Scotland is staying. London's headaches are just starting.

British leaders are relieved by the Scots' vote against independence. But devolving new powers to Scotland – and perhaps to England – may be a bigger challenge for Westminster than the referendum was.

Lefteris Pitarakis/AP
British Prime Minister David Cameron leaves after giving a statement to the media about Scotland's referendum results, outside his official residence at 10 Downing Street in central London on Friday. Scottish voters have rejected independence, deciding to remain part of the United Kingdom after a historic referendum that shook the country to its core.

The Scots have voted no to independence. But their majority decision has raised more questions than answers about the future of the United Kingdom.

While the Scottish National Party takes stock and anticipates new powers for the Scottish parliament at Holyrood, constitutional experts and campaigners are trying to interpret Prime Minister David Cameron’s victory speech and what it means for England, Scotland, Wales, and Northern Ireland.

Mr. Cameron spoke of a "new and fair" constitutional settlement which would answer the politically thorny issue of "English votes for English laws."

Under the current system, many areas like health, education, and environment issues are devolved to the parliaments of Northern Ireland, Wales, and Scotland. However those countries’ Members of Parliament can still vote on the issues even when they only affect England, which makes up 84 percent of the UK population.

Eddie Bone from the Campaign for an English Parliament says he was disappointed by the Scottish vote, because a yes would have put more pressure on British leaders to grant some form of English self-rule.

But he says Cameron’s comments and the Scottish "Yes" campaign have made change inevitable. “We have to have a first minister, an executive, and a minister for England. We don’t accept what some of the national politicians like Nick Clegg have been suggesting that we devolve power to the regions and big cities."

Such a move, he argues, "will lead to the breakup of England and ultimately the UK. There has to be fairness first, and you don’t do that by dividing cities and regions.”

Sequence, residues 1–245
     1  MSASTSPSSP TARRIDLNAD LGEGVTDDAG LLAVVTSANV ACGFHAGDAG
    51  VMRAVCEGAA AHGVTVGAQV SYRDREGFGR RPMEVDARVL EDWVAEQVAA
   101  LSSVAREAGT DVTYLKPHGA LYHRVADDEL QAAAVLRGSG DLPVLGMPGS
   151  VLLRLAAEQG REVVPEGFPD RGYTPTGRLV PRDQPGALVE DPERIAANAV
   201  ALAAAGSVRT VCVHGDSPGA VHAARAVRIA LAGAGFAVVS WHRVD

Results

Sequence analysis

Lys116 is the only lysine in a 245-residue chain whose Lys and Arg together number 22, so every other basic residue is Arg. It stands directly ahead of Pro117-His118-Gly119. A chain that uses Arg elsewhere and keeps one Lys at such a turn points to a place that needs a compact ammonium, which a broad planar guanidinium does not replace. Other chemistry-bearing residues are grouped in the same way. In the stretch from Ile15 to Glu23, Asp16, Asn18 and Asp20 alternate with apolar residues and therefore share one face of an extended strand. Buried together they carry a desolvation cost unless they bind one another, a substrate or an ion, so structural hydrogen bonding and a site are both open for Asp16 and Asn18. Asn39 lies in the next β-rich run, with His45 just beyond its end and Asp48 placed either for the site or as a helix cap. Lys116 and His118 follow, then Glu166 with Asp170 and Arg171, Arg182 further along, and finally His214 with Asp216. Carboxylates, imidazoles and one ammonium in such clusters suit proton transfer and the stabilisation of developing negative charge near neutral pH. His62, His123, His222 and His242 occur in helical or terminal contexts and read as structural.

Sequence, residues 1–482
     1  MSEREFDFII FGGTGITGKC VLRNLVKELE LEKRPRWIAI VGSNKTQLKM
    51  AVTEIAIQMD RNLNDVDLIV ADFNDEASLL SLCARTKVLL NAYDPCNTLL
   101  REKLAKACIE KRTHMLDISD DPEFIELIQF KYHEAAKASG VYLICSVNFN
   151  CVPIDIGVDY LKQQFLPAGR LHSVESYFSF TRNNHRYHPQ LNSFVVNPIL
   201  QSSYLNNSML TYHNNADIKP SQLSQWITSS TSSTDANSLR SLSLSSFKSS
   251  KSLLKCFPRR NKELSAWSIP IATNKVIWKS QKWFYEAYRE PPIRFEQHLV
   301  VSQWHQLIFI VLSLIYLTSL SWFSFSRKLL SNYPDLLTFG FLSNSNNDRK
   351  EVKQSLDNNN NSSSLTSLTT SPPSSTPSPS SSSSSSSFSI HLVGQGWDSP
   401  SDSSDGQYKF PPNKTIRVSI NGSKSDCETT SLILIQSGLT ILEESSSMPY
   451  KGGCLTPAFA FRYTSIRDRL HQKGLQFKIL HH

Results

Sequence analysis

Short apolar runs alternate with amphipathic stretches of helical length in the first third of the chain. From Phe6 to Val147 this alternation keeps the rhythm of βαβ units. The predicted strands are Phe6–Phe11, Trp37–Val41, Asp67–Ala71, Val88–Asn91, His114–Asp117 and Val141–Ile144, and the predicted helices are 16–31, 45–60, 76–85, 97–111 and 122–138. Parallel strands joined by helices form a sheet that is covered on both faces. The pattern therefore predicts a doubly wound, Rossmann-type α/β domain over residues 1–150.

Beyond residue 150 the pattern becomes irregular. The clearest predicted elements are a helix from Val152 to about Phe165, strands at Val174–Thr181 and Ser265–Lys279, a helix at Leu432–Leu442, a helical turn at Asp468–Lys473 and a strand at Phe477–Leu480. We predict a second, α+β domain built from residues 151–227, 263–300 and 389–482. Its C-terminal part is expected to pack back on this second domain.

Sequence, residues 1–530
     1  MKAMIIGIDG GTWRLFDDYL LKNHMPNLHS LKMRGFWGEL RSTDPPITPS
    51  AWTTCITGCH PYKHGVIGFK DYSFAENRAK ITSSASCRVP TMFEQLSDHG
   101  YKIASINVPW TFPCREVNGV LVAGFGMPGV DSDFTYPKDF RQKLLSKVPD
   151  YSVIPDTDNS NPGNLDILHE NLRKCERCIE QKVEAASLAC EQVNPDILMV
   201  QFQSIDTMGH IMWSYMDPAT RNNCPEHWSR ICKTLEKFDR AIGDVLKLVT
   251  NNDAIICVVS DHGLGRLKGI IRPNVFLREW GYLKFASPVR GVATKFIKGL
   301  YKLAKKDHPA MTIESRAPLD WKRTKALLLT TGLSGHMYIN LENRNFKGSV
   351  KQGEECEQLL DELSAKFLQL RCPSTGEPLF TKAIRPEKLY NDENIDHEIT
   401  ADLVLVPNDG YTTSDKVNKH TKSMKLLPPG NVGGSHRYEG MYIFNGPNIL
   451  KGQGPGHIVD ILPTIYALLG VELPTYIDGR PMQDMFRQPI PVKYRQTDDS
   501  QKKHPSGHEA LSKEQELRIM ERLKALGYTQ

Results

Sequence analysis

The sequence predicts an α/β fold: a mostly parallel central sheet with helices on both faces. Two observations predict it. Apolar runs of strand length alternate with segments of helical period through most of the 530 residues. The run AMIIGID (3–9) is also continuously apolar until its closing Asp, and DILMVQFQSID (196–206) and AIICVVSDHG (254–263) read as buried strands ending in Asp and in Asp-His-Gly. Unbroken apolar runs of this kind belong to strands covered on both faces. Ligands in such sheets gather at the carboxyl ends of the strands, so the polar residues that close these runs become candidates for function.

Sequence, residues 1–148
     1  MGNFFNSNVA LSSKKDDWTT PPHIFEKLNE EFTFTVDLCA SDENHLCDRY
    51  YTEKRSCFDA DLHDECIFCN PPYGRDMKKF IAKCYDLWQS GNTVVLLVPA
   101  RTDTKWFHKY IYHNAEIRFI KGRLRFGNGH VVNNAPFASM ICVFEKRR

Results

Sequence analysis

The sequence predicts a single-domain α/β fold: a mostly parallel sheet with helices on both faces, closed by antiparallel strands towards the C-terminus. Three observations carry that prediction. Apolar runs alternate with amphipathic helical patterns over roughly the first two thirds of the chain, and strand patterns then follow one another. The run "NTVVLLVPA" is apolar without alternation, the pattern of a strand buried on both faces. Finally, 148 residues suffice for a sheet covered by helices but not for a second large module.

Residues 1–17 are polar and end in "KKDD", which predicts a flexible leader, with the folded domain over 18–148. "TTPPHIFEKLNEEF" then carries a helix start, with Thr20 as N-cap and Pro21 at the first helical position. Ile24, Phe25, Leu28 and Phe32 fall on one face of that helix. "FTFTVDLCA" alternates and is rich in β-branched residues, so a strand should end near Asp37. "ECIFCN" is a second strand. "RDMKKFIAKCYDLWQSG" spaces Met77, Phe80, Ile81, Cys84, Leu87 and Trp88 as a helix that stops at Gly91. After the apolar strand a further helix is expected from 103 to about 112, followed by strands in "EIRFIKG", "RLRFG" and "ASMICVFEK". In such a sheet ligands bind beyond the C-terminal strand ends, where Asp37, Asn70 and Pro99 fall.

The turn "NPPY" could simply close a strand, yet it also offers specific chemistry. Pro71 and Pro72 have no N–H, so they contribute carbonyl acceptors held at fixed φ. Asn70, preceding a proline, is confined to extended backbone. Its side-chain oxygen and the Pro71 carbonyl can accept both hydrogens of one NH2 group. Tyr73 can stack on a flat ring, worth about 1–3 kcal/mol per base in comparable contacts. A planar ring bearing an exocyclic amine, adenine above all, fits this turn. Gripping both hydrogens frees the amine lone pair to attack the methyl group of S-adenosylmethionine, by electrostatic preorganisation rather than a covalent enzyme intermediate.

Cameron has assigned the Leader of the Commons and former foreign minister William Hague to chair a committee to examine the anomaly of Scottish, Welsh, and Northern Irish MPs voting on English matters. But he also warned that if no agreement was reached, it might have to be decided after next year’s general election.

The three main British parties pledged before the referendum to devolve more powers to Scotland in the event of a no vote, maintaining a controversial formula by which Scotland receives more public spending per head of population than other constituent parts of the UK.

Breaking 'the vow'

But constitutional expert Iain McLean at Nuffield College, Oxford, says he is skeptical about the parties' promise, dubbed "the vow."

“It was a panic measure and I think Cameron is going to have difficulty seeing it through," Professor McLean says. "On the day of the referendum, we saw his own MPs saying no more financial powers, which was extraordinary for members of what is the Conservative and Unionist party to be saying at such a sensitive time."

But while politicians south and the north of the border absorb the result, "Yes" campaigners acknowledge they have lost a chance of a generation to achieve independence.

One of the more unusual groups was English Scots for Yes. Co-founder Math Campbell, who was born and raised near Cambridge but moved to Scotland at 18, says the result has been tough. He blames the "British establishment" for his campaign's defeat. “I hope they do follow through on the vow but I’m not sure it’s deliverable. We managed a huge swing in support with 1.5 million people wanting independence but it wasn’t enough."

“The establishment had to wheel out big business – the banks, supermarkets – to frighten people which helped put people off,” Mr. Campbell says.

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